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Reviewed by the Faculty of Harvard Medical School

The Effects Of Tobacco Smoke On Children

Smoking During Pregnancy

From the moment a woman becomes pregnant, just about everything she eats, drinks and inhales reaches her baby. Cigarette smoke in a mother's bloodstream crosses the placenta and introduces harmful chemicals into the fetus' blood. A woman who smokes during pregnancy has a higher risk of miscarriage and stillbirth. Smoking also makes it more likely that she will deliver an underweight baby, who will be at increased risk of disease and even death during infancy and early childhood. Sudden infant death syndrome (SIDS) is more common in infants of women who smoked while they were pregnant, as are brain damage, cerebral palsy, behavioral disorders and learning disabilities.

Smoking Around An Infant

Infants exposed to tobacco smoke have an increased risk of death of sudden infant death syndrome. Maternal smoking may be responsible for an estimated one-third of SIDS cases.

Smoking around an infant increases his risk of respiratory illnesses, including chronic cough and pneumonia. Babies who live in households where smoking occurs have more doctor visits, emergency department visits and hospitalizations than babies not exposed to secondhand smoke.

Smoking also interferes with a nursing mother's milk supply and can introduce harmful substances to the baby through her breast milk.

Smoking Around A Child

Children who live in households where people smoke are more likely to have cough, shortness of breath and other respiratory symptoms; irritation of the eyes, nose and throat; and colds and ear infections. Their risk of pneumonia and asthma is also increased. They are more likely to require surgery for recurrent ear infections and tonsillitis.

If a child's parent smokes, the child may view smoking as acceptable. Children whose parents smoke are more likely to pick up the habit than children whose parents don't smoke. Adolescents who smoke are more likely than nonsmokers also to use other drugs, including alcohol, marijuana and cocaine. There is evidence that smoking during adolescence — the time when most people begin smoking — may cause genetic changes that lead to lung cancer among former smokers later in life.

Quit Now

It's not easy to quit smoking, but you can do it. More than 1 million people quit successfully each year.

If you do not yet have children, quit smoking before you become pregnant (or your spouse becomes pregnant). Give yourself plenty of time to quit. If you use nicotine-replacement products to help you quit, it is important for your baby's health that you have stopped using them by the time you conceive.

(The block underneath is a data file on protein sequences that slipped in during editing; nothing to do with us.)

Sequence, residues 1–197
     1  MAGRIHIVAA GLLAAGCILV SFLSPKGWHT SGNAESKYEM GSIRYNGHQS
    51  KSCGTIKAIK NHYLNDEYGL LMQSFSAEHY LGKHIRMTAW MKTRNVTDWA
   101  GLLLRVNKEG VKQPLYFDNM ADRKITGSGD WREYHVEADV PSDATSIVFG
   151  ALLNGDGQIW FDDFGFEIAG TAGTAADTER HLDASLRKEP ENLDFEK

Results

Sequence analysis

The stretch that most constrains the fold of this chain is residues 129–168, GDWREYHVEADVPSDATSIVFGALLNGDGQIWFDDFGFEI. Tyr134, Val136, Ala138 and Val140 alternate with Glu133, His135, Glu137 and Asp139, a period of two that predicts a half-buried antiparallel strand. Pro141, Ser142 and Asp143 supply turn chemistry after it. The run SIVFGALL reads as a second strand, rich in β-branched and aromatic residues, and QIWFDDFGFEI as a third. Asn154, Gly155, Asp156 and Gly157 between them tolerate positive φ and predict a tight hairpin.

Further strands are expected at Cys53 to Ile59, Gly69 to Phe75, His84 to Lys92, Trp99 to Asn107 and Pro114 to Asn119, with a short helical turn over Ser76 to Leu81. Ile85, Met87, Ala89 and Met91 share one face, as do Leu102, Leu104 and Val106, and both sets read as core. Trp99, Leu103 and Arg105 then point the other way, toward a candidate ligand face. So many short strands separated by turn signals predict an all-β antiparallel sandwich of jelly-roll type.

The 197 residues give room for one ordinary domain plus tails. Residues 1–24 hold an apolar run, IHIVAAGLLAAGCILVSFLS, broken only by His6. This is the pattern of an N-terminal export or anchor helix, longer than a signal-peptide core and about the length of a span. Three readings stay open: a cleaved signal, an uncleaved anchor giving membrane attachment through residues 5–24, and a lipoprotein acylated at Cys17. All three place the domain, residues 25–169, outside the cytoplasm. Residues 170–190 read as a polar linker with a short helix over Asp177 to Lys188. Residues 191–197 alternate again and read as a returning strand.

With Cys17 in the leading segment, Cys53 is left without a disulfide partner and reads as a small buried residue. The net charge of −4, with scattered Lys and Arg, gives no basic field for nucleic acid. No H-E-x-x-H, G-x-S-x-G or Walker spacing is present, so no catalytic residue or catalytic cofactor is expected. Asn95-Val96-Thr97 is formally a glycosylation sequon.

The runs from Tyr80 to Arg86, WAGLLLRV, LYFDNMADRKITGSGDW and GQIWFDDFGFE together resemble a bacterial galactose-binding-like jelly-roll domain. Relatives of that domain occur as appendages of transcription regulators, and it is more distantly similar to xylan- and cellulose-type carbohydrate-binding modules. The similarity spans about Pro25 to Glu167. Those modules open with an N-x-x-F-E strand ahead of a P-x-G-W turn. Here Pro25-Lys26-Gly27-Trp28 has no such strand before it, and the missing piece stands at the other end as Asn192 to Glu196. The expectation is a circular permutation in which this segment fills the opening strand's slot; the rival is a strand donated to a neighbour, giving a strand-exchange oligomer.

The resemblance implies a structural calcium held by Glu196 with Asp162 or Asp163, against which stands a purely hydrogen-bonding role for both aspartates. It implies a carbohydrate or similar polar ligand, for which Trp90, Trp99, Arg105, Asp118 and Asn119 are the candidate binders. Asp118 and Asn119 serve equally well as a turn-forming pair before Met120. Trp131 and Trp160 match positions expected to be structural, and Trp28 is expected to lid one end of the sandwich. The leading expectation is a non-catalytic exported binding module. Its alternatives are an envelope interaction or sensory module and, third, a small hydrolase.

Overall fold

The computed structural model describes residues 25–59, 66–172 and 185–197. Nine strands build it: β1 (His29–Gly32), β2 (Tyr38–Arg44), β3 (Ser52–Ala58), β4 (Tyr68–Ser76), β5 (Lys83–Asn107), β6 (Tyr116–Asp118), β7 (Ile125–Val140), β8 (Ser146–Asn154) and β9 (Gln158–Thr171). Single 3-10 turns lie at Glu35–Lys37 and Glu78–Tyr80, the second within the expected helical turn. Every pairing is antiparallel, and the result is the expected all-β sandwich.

If the pregnancy is already underway or your baby is already born, quit as soon as possible. Quitting at any time is better than not quitting at all. Don't think you can spare your baby or child the effects of secondhand smoke by smoking in another room of your home, away from your child. Air circulates, and smoke sticks to carpeting and fabrics. All the occupants of your house will breathe your smoke. It takes more than three hours for 95 percent of the smoke from a single cigarette to clear a space.

Help With Quitting

Before you try to quit smoking, you may want to talk with your doctor about medications that can help you quit by easing withdrawal symptoms. There are several nicotine-replacement products, some of which are available without a prescription. There is also a prescription medication called bupropion (Zyban) that helps some people to quit. In addition to using medication, you may want to attend a smoking-cessation class or support group.

These tips have helped smokers become ex-smokers.

  • Set a quit date, and spread the news to family and friends to gain their support.
  • Exercise to improve your energy and avoid weight gain.
  • Drink lots of water. Avoid beverages, such as coffee and alcoholic drinks that you may associate with smoking.
  • Avoid smokers and environments where smoking is common, particularly for the first few weeks.
  • List your reasons for quitting, and repeat the reasons to yourself regularly.
  • If at first you don't succeed, try again! Most former smokers quit for a short time more than once before they successfully quit for good.

If you can't quit (yet), protect your children:

  • Smoke outside, and ask visitors to smoke outside.
  • Change your clothes as soon as you enter your home.
  • Never smoke in the car.
Last updated March 11, 2008